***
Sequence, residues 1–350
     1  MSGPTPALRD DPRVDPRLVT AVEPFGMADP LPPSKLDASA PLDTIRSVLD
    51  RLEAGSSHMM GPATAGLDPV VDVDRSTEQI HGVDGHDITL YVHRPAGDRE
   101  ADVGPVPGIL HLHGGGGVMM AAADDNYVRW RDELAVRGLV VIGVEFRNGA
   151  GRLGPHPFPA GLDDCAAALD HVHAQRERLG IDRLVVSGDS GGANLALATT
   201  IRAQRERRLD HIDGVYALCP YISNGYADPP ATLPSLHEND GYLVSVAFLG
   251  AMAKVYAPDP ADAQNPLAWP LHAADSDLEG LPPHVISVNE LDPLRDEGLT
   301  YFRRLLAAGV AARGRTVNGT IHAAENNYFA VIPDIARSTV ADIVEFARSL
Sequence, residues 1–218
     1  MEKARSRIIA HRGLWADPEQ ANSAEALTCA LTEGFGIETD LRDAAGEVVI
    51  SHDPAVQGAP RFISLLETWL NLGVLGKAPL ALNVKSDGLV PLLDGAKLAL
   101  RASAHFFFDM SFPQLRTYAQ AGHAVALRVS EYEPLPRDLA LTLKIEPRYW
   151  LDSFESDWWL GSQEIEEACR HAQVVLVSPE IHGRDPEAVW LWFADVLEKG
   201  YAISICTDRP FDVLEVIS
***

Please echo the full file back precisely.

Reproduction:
Sequence, residues 1–350
     1  MSGPTPALRD DPRVDPRLVT AVEPFGMADP LPPSKLDASA PLDTIRSVLD
    51  RLEAGSSHMM GPATAGLDPV VDVDRSTEQI HGVDGHDITL YVHRPAGDRE
   101  ADVGPVPGIL HLHGGGGVMM AAADDNYVRW RDELAVRGLV VIGVEFRNGA
   151  GRLGPHPFPA GLDDCAAALD HVHAQRERLG IDRLVVSGDS GGANLALATT
   201  IRAQRERRLD HIDGVYALCP YISNGYADPP ATLPSLHEND GYLVSVAFLG
   251  AMAKVYAPDP ADAQNPLAWP LHAADSDLEG LPPHVISVNE LDPLRDEGLT
   301  YFRRLLAAGV AARGRTVNGT IHAAENNYFA VIPDIARSTV ADIVEFARSL
Sequence, residues 1–218
     1  MEKARSRIIA HRGLWADPEQ ANSAEALTCA LTEGFGIETD LRDAAGEVVI
    51  SHDPAVQGAP RFISLLETWL NLGVLGKAPL ALNVKSDGLV PLLDGAKLAL
   101  RASAHFFFDM SFPQLRTYAQ AGHAVALRVS EYEPLPRDLA LTLKIEPRYW
   151  LDSFESDWWL GSQEIEEACR HAQVVLVSPE IHGRDPEAVW LWFADVLEKG
   201  YAISICTDRP FDVLEVIS